Celtics coach Brad Stevens is just like you in that he despises traffic jams. So last spring, at the conclusion of his first year in the NBA, he mostly hunkered down at his Wellesley home and began meticulously preparing for a new season.
The Celtics went 25-57 in 2013-14. It certainly wasn’t good, but it is also true that not much more was expected. Privately, though, Stevens was fuming.
Through most of his career at Butler University, which included two trips to the NCAA title game, he thrived as a tactician. And in his first NBA season he felt like he had, in some ways, failed. It was a new challenge, with new players and new schemes. And the lack of reference points made it difficult to navigate.
“I felt like I didn’t do a very good job, tactically or structurally, in Year 1,” Stevens said. “And it ate at me.”
Celtics assistant Micah Shrewsberry, who was on Stevens’s staff at Butler, said, “He’s always so critical of himself. I think that’s why he’s so good. He’s never satisfied.”
That frustration consumed Stevens during the offseason, sometimes, he acknowledges, to a fault. But it also drove him.
During an interview with the Globe last week, Stevens detailed how last summer laid the groundwork for the Celtics’ 15-win improvement and playoff appearance this season. Unsurprisingly, it was a thorough plan rooted in research. And as the Celtics enter another critical summer, clues could be gleaned from how Stevens handled the prior one.
“I just kind of think of things I’d like to know, and I embark on a project,” Stevens said. “Sometimes they end up being worthless, and sometimes they help you. But it’s important to analyze, work, and scrutinize. Be critical of yourself, and start there.”
Stevens keeps a pen and notepad next to his bed so he can scribble a new play or idea when it pops up. Most often, though, the concepts come during the long flights that can be both a blessing and a curse during a grueling NBA season.
When looking back at 2013-14, Stevens knew the Celtics had faltered late in close games. In the final five minutes of contests in which the score differential was 5 points or less, the Celtics had a net rating — offensive rating subtracted by defensive rating — of -25.4, 29th in the league. Furthermore, in those situations they were averaging 16.1 turnovers per 100 possessions, the 28th-worst mark in the NBA.
The Celtics had not executed down the stretch and Stevens wanted to know why. So he began analyzing every possession in the last five minutes of every Celtics game that year.
There are generally about 200 total possessions in an NBA game, and the rate typically increases in the last five minutes because of fouls, so Stevens probably analyzed well over 1,500 plays.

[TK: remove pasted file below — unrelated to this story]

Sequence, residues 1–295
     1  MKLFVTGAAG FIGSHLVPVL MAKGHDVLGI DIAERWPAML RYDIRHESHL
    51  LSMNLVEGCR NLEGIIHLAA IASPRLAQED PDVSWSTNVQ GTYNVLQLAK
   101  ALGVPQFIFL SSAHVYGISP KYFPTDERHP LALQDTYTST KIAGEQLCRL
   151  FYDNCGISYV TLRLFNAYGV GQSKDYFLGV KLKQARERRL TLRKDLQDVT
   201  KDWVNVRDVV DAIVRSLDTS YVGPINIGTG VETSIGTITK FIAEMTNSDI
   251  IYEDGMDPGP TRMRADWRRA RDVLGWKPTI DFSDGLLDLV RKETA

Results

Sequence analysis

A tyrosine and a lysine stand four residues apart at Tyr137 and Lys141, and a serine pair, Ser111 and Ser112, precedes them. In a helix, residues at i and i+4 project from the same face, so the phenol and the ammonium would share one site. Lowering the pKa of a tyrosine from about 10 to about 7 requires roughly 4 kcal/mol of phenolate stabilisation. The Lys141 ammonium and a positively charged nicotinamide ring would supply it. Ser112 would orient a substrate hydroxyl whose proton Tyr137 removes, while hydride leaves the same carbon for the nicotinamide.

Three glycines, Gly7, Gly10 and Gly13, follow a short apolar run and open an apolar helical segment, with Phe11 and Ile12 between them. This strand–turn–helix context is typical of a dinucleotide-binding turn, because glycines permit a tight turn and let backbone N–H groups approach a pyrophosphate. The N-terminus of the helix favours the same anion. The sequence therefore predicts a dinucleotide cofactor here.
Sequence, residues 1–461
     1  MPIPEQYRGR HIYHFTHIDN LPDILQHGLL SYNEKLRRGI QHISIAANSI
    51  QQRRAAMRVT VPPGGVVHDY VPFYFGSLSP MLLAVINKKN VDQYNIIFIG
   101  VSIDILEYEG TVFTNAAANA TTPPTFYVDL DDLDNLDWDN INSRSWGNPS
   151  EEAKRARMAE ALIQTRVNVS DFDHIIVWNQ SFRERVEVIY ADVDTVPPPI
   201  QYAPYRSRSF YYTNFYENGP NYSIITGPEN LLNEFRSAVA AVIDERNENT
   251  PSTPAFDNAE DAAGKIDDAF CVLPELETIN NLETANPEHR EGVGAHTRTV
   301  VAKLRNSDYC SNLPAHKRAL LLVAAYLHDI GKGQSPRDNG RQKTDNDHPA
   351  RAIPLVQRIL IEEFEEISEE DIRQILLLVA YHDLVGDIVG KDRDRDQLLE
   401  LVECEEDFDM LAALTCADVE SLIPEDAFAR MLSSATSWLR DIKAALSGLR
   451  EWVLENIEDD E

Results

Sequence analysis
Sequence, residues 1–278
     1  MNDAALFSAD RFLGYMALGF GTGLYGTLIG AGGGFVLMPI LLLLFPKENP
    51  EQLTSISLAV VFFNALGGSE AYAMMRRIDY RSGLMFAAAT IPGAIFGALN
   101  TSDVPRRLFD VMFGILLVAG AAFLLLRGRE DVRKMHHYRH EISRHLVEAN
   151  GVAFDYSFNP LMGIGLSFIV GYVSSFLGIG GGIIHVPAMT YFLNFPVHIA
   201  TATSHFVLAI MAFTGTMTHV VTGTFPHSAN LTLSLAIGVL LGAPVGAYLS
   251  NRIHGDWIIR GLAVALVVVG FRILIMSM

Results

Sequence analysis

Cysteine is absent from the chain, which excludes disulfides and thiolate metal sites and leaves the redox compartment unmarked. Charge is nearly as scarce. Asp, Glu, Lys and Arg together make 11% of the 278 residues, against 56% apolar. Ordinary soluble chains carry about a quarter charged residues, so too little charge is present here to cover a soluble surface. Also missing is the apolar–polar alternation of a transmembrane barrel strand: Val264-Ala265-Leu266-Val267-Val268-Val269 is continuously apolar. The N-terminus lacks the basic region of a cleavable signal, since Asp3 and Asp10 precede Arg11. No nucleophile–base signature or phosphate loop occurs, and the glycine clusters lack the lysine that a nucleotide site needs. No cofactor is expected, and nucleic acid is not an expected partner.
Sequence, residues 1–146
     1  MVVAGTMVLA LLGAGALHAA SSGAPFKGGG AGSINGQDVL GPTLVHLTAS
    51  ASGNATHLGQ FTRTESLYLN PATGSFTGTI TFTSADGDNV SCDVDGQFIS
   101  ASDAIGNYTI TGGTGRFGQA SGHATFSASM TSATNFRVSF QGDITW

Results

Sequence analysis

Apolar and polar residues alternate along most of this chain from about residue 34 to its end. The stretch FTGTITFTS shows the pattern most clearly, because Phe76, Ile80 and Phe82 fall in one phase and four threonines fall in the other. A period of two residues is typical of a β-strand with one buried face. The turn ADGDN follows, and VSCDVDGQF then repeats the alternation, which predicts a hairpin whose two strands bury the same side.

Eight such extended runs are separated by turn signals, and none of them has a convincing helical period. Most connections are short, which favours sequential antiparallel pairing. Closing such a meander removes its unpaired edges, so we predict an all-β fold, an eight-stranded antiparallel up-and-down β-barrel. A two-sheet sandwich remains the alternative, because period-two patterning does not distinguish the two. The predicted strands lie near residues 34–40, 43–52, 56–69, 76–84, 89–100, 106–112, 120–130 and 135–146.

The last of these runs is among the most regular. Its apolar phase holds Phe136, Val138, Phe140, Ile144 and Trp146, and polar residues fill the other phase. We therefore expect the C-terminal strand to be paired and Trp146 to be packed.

“I broke down every possession in the smallest of details,” he said. “It was the most arduous — well, maybe not arduous, because it’s not real work compared to what some people do for a living — but it was the most boring yet helpful thing I probably did last year. It helped me figure out a lot.
“When you’re not in the season, you detach emotionally and you can see what guys are and aren’t doing, what guys struggle with, what you could have done to help them be successful and how you can be better moving forward.”
At the start of this past season, Stevens presented his findings to his players. His message was simple: You’re closer than you might think.
“He put it to us in a way that gave us confidence, that if we do these few plays a little bit better, it could result in making the playoffs,” guard Evan Turner said. “It gave us an idea of how slim the difference is between having a successful season and not, and we realized they were fixable mistakes.”
This season, the Celtics improved their net rating in late-game clutch situations from -25.4 to -7.5, and they lowered their turnover ratio from 16.1 to 12.6.
Stevens’s offseason focus was not solely on his players. He also identified about 35 stars from around the league whose games he admired. Then he assigned groups of them to his staff — also taking five for himself — and asked his assistants to dig in.
“We studied them inside and out,” Stevens said. “What made them great? What were their flaws?”
Shrewsberry, for example, was tasked with analyzing guards Damian Lillard, Kyle Lowry, Tony Parker, and Ty Lawson. He said the project helped identify traits that they could pass on, and it also gave the Celtics a head start on individual scouting heading into the regular season.
Stevens has stayed one step ahead. He said as the Celtics begin their pursuit of free agents this summer, they will inevitably approach some of the players they studied last summer. Leaning on the intelligence they’ve gathered will only help.
This offseason, Stevens has reference points and precedent to lean on, which could make him dangerous.
“When you’re around Brad, you feel like you need to be as prepared as possible, because you know how much work he’s putting in,” Shrewsberry said. “You don’t want to feel like you’re not at that level.”